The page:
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All photos on this blog are for your personal viewing pleasure. They are copyrighted with all rights reserved. These images may not be used without express written permission.

Thanks for Dropping By and Have a Great Day, :)

Monday, December 26, 2011

Closing pictures for 2011

The Lionel Derouen Road area not far from Cameron-Prairie NWR is a great place for Sandhill Cranes. Their red foreheads and white cheeks were prominent as they foraged through the fields in incredible numbers. You couldn't miss hearing their loud, rattling call that carries far and wide.

Water sprayed in the air as the puddle ducks slapped the water with their wings launching themselves in the air at Pintail Loop.

A slender, agile Merlin was perched on a limb watching for a meal.

A striking Vermilion Flycatcher with his vivid red color and contrasting black eyestripe was perched on a limb watching for 'fly-bys' when he gave us a backward glance. This little 'Coal of Fire' is nothing less than spectacular to see and is certainly one of my all-time favorite birds.

A male American Kestrel was perched on the Cameron Prairie NWR sign at Pintail Loop clutching a freshly caught Savannah Sparrow in his talons. He grew nervous and after a minute and flew off with his catch to dine in privacy.

A Ross's Goose posed for a picture.

A majestic Brown Pelican, our state bird, is always a pleasure to see.

The Sandhill Cranes with their outstretched necks and long legs trailing behind them flew off as the day came to an end. It was if they were saying, "Goodbye 2011" and see you next year.

Wednesday, December 14, 2011

American Kestrel

Who likes the small colorful American Kestrel aka 'Sparrow Hawk'?

This little girl was hovering in the air by rapidly beating her wings while scanning the field below for prey.

Left-Click to Enlarge Images.

She dove down, plucked a grasshopper from the field, flew up and lit on a nearby utility wire.

She transferred the grasshopper to her left claw and inspected it closely. Are all Birds of Prey ambidextrous?

The two black spots on each side of the nape of her neck are interesting. It is theorized they serve as a false set of eyes to help serve as protection from potential attackers.

Down the hatch!

This cute little speedster also hunts by perching. She was interested in something below as she stretched out to get a better look.

It was delightful watching this American Kestrel go about her merry way. She remained on her elevated perch watching intently for prey below as I drove away. What a wonderful way to end the day!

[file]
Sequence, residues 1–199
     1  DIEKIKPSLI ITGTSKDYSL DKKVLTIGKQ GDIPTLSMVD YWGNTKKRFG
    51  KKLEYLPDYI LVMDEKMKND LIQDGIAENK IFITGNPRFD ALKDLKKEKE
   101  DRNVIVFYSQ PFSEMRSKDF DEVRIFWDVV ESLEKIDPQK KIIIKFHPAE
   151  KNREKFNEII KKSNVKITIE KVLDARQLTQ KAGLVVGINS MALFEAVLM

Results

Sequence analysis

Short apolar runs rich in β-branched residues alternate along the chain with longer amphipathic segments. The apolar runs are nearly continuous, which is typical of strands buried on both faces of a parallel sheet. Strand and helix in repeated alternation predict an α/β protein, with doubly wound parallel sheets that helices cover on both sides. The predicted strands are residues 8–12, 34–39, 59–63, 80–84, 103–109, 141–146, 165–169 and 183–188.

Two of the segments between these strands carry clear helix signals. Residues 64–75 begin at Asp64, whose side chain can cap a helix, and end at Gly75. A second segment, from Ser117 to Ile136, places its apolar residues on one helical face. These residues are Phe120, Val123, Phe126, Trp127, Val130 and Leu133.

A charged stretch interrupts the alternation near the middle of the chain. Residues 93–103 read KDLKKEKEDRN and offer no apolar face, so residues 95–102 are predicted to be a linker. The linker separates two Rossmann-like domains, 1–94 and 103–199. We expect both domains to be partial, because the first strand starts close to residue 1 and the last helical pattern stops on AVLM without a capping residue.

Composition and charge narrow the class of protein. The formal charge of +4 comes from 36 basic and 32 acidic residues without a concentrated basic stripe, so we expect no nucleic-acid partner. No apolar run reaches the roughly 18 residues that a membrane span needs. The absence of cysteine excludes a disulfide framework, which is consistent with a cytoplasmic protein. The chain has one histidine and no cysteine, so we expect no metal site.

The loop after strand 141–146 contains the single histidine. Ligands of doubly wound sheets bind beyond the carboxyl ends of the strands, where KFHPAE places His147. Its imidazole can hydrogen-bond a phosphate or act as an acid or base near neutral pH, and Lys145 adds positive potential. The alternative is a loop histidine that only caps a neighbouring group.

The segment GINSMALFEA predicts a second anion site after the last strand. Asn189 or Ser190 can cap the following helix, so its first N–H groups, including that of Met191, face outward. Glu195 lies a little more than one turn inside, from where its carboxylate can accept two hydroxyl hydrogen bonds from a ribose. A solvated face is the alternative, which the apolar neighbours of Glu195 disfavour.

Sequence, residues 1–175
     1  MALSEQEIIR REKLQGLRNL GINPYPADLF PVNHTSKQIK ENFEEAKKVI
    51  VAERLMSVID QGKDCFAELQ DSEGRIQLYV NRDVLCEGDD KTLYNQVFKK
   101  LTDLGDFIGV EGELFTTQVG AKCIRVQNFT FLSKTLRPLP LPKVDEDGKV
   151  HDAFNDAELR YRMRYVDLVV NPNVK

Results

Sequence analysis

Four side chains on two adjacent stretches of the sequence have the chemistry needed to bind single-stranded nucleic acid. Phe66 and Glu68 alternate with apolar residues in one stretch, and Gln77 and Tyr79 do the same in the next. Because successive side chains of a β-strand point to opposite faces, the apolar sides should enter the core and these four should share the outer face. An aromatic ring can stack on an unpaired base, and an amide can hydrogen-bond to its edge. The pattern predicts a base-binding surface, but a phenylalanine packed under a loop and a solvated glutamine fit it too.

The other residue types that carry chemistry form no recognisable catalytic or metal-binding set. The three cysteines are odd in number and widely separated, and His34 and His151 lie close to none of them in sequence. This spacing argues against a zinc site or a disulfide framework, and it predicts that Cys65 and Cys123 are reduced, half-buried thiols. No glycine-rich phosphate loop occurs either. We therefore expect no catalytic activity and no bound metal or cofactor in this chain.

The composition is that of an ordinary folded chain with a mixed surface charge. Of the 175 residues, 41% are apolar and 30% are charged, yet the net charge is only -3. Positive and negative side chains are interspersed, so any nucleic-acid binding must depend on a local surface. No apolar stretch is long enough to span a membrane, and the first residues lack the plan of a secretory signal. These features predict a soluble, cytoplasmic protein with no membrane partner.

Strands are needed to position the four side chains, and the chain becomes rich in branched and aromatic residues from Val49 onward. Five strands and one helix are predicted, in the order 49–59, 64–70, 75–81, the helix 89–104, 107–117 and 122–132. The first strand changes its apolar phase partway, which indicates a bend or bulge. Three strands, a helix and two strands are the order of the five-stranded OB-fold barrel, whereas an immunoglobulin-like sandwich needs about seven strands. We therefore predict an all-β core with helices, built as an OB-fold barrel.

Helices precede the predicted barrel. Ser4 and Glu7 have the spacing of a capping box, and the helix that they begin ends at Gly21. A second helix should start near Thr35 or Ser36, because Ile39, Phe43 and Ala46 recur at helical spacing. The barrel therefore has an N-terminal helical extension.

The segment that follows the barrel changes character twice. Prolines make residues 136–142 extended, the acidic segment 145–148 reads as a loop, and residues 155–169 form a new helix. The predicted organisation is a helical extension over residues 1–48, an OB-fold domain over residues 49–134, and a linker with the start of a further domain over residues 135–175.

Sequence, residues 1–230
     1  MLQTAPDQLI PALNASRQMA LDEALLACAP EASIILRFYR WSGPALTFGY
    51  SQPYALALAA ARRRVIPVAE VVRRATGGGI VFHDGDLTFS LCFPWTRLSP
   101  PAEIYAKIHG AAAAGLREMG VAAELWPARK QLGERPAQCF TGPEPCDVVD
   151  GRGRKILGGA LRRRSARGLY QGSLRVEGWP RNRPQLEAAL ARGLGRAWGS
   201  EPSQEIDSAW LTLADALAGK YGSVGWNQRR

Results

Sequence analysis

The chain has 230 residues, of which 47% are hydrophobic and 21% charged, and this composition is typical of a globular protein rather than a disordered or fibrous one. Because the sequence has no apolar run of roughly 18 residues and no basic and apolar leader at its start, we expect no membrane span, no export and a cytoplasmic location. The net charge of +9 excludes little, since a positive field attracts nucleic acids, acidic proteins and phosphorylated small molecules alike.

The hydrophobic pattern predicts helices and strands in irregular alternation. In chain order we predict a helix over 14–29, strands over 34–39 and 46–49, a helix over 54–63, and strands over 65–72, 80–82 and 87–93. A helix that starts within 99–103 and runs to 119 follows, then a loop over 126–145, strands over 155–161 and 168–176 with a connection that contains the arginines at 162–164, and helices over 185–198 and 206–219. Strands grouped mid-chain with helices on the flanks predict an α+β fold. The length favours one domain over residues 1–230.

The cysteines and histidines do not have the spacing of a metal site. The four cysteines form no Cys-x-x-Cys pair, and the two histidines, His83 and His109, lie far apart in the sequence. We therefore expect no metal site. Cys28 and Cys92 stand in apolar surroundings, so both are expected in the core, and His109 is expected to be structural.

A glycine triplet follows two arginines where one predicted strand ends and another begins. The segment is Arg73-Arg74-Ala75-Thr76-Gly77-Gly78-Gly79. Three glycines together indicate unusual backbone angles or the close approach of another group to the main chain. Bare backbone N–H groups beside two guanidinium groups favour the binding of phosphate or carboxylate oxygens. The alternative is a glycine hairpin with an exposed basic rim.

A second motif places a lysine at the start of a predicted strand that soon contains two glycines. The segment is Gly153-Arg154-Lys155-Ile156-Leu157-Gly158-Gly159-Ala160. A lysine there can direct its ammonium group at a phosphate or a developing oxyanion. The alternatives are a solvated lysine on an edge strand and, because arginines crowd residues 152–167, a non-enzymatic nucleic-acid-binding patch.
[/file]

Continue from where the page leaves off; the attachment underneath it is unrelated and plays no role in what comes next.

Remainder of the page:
Friday, December 9, 2011

Burrowing Owl

Hat's off to Devin Bosler and Justin Bosler for finding a rare, review list Burrowing Owl at Hackberry Ridge and for generously sharing their find for all Labirders to see! They are on a serious roll with Owls lately with the Long-Eared Owl, Burrowing and Short-Eared Owl.

This little guy with his big bright yellow eyes, white eyebrows and long legs is an amazing bird.

All this little guy needs is a clump of grass in order to blend in with his surroundings.

Left-Click to Enlarge Images

This stately small Owl is quite a sight to see.

He kept a sharp eye on the Hawks as they passed overhead.

He never once let them out of his sight.

Even if the Hawks flew directly overhead he was on them.

He kept an eye on us as well. It was cool the way his pupils dialated different sizes in accordance with the shade and the position to the sun.

This little fellow really knows how to use the surroundings to camouflage himself.

I hope you enjoyed viewing these pictures as much as I enjoyed taking them.

Thanks again Devin and Justin. :)

Sunday, December 4, 2011

Say's Phoebe

I made a run to Pintail Loop at Cameron Prairie National Wildlife Refuge Saturday before the LSU / Georgia game for my third and fortunately final attempt to locate the Say's Phoebe. It was discovered on November 18, 2011 by Paul Suchanek.

I immediately spotted it sitting atop a tall clump of grass overlooking the dry marsh grass not far from the east end of the boardwalk It was exciting to finally see this rare vistior to Louisiana!

Left-Click to Enlarge Pictures


After a short while in the marsh grass area he flew west and landed on the boardwalk.

Assuming its elevated position, he periodically peered over the edge of the boardwalk looking for something to eat.

He quickly launched from the boardwalk in typical flycatcher fashion once he spotted prey below.

If he didn't manage to catch his prey in mid-air, he would either fly back to the boardwalk or land on the ground hoping to locate his quary.

It was a great day seeing this Review List bird and getting back home in time to watch LSU turn up the heat in the second half to beat Georgia and to continue their impressive, undefeated season. Go TIGERS!